Molina is the gold standard for catchers in this generation. During my youth, it would have been hard to convince me that a better defensive catcher than Ivan Rodriguez would come along at any point in my lifetime. As Dave Cameron of Fangraphs pointed out late in 2012, Molina's prowess as a defensive wizard, along with a bat that has improved on a yearly basis, puts him among the most impressive catchers of all-time.
In 2013, the National League catching gap was narrowed due to a tremendous year from Pittsburgh's Russell Martin (19 DRS), but Molina's play was good enough to carry his reputation and garner another Gold Glove.
AL: James Loney, Tampa Bay Rays
Evan Longoria, Tampa Bay's stand out third baseman, knows a thing or two about infield defense and what it takes to save runs with his glove. In a conversation with Bill Chastain of MLB.com at the start of the postseason, he had this to say about teammate James Loney.
"He's probably the best [first baseman] I've played with as far as total package," Longoria said. "Carlos and Kotch, both great defenders, and both, obviously at times, showed how good of hitters they could be. But I think [Loney's] calming influence, the way he plays the game, the way he cares about the game, just everything in general, to take nothing away from those other guys, but he is probably the best total package I've played with over there at first."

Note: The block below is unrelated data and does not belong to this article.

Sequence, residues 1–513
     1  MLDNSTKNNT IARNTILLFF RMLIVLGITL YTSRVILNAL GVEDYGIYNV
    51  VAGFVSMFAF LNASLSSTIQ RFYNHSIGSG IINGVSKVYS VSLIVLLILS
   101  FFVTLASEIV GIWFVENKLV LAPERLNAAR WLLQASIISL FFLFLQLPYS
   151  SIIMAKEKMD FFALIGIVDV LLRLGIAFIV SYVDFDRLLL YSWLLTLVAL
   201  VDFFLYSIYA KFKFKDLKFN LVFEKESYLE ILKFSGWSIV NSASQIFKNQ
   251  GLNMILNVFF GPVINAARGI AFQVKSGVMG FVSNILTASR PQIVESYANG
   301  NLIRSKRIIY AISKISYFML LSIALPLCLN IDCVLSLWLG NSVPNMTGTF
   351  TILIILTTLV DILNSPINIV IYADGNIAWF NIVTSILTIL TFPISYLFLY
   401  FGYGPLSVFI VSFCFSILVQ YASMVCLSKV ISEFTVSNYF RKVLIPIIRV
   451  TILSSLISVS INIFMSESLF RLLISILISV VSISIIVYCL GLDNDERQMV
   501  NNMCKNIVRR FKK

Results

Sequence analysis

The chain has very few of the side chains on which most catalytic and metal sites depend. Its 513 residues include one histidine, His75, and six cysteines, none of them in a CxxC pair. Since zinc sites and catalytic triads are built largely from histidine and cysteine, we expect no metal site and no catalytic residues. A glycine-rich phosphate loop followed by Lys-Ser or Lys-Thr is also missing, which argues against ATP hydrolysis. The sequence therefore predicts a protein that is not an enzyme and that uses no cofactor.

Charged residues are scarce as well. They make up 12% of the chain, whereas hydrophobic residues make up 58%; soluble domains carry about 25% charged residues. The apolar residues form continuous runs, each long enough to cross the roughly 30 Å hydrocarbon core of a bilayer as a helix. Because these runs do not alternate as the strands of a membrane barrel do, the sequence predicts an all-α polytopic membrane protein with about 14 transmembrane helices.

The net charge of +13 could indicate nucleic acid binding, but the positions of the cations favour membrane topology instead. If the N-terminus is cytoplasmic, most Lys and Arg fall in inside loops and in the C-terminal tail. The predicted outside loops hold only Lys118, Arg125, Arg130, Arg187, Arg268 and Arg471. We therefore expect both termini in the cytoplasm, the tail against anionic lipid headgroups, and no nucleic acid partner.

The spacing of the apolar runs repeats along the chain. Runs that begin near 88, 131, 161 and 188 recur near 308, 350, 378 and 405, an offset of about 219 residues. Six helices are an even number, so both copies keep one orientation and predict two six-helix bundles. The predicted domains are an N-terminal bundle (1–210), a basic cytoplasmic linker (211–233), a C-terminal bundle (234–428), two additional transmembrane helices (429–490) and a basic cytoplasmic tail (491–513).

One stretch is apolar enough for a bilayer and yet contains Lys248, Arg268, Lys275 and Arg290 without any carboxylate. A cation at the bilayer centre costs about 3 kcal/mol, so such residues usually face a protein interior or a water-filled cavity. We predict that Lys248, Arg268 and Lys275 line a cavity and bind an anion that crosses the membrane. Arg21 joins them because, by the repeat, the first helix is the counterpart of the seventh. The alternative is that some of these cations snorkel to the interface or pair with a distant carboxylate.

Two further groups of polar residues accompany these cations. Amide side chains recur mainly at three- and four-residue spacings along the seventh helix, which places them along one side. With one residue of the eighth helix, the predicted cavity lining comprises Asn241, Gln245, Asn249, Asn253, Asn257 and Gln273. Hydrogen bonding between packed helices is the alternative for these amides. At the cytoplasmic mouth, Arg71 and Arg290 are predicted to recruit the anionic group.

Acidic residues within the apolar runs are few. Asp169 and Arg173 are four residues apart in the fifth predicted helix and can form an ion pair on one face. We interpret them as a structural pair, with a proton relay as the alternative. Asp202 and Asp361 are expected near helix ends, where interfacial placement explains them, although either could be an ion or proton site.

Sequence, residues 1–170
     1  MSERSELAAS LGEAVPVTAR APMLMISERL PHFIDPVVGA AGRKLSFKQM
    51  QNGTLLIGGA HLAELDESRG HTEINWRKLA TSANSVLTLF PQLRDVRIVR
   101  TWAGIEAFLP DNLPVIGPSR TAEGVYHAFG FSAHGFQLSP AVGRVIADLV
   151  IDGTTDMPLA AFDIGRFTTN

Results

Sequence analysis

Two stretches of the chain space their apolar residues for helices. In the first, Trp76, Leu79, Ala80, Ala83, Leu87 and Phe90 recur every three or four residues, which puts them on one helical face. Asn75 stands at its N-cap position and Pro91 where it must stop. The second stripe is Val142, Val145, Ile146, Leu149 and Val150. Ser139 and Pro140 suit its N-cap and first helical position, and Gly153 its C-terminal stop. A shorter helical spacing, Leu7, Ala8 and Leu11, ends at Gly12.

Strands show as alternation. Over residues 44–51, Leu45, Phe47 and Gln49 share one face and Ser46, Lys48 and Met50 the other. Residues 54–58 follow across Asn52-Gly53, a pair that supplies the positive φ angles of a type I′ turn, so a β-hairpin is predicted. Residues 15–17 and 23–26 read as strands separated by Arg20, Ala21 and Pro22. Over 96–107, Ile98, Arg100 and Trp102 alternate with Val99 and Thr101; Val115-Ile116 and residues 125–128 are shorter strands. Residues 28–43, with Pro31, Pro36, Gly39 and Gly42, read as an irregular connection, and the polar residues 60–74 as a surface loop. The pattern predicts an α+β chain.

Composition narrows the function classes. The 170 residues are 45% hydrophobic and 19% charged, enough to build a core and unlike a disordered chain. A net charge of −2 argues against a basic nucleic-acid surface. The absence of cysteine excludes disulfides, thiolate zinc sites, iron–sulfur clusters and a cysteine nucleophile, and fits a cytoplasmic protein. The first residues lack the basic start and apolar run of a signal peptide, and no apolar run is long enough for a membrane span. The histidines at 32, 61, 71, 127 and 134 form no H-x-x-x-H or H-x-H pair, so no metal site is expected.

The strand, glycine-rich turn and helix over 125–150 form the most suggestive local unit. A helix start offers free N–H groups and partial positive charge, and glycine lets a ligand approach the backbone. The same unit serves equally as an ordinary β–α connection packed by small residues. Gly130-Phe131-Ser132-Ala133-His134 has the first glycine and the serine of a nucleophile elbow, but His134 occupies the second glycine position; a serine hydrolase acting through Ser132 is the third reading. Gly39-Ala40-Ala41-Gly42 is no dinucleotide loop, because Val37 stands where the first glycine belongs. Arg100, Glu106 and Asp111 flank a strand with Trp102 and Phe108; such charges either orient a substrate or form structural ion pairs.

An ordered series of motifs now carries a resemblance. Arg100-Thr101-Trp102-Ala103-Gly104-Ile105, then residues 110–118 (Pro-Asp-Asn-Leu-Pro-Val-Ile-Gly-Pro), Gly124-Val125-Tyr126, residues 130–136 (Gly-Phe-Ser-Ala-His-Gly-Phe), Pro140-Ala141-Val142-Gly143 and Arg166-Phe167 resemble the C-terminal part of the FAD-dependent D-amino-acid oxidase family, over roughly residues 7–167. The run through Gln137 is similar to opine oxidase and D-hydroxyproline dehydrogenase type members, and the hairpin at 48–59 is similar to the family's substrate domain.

Something tells me the voters will agree.
NL: Anthony Rizzo, Chicago Cubs
Rizzo's bat is what made Chicago fans so excited when he was acquired from San Diego in 2012, but it's his defense, particularity how much he cares about getting even better, that should now excite the fan base.
As Rizzo explained to ESPN Chicago in September, the five errors he committed this season (which isn't a big total) equaled five more than he was comfortable committing.